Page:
University of California schools should give first priority to California residents.

At most public universities across America, it’s easier to gain admission to a university if you happen to live within the school’s state. It makes logical sense. That’s where your taxes are going. These schools were founded to offer educations to residents of the state. Thomas Jefferson, as an example, wanted to educate the young people of the State of Virginia. But, as we’ve pointed out on our college admissions blog, times have changed for the University of California schools. We’re not quite sure who the Thomas Jefferson-equivalent is for the University of California schools, but we’re quite certain he or she would be mighty disappointed with these latest developments.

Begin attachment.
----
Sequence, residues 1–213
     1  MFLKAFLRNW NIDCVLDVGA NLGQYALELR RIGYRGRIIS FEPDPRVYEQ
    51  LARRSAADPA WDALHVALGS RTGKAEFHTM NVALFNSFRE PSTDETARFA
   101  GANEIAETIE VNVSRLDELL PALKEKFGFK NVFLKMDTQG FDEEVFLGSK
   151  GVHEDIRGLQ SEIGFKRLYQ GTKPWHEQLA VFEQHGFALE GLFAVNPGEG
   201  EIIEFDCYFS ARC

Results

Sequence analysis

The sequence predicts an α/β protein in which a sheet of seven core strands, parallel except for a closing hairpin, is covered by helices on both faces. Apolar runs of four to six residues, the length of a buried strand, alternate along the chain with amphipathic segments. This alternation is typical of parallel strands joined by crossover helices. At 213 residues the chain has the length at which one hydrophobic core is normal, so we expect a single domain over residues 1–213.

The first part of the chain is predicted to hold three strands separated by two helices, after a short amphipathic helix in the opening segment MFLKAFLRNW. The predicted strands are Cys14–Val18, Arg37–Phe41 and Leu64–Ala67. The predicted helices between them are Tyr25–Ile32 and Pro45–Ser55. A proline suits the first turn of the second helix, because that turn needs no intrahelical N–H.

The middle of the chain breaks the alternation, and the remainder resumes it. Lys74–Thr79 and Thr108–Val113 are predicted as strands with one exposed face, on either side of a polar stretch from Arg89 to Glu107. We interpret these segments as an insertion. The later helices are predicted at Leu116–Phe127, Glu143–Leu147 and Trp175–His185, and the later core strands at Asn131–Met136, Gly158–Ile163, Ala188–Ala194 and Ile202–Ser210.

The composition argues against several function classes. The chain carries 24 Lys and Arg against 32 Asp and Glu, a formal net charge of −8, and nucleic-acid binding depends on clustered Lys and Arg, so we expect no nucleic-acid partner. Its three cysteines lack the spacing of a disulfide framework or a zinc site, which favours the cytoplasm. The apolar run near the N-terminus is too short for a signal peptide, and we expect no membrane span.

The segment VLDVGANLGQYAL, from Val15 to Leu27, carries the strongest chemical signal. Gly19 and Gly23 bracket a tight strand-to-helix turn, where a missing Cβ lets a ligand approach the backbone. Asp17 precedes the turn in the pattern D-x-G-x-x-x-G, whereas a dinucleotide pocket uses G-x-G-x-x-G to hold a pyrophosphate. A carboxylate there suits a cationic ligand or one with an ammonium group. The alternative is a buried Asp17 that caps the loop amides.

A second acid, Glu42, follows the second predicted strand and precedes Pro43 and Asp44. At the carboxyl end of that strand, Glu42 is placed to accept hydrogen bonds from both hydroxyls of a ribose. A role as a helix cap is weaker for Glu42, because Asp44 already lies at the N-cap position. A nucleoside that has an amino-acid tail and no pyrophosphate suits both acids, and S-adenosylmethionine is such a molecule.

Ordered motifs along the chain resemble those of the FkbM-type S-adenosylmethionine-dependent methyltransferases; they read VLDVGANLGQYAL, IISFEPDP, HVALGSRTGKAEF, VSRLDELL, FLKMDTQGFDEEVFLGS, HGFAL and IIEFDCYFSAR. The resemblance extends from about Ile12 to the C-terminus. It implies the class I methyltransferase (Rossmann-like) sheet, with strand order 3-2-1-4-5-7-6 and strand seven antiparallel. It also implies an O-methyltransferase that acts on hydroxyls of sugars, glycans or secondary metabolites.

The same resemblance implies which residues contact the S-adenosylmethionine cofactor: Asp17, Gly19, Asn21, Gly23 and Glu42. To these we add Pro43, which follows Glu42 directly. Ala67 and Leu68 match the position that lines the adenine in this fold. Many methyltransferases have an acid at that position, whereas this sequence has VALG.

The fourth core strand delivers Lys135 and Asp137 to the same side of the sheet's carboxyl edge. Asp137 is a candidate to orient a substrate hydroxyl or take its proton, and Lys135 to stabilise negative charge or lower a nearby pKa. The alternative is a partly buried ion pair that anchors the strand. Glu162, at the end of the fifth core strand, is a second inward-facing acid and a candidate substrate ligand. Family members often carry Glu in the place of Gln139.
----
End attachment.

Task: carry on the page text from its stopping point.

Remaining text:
As a “Huffington Post” opinion piece entitled “Here’s Why The College Admissions Process Is Bonkers” by Ann Lewis Hamilton very well articulates (with the exception of her statement about ‘more’ extracurricular activities — it’s not about quantity, it’s about quality), “A recent Los Angeles Times article stated the latest in-state UC acceptance rate was 60 percent, down from 63 percent last year and 79 percent in 1999. Interesting. Perhaps out-of-state (and out-of-country) applicants just happened to have higher test scores and more extracurricular activities. Or maybe the University of California system weighed the annual out-of-state tuition fees ($36,900) versus the in-state fees ($12,200). Gee whiz, I wasn’t a math major, but I can guess which students you’d rather admit. Except the University of California system was created to provide California students with access to a quality and an affordable college education. Here’s an idea — perhaps you should consider a name change — University of Some California Students. USCS. Has a nice ring.”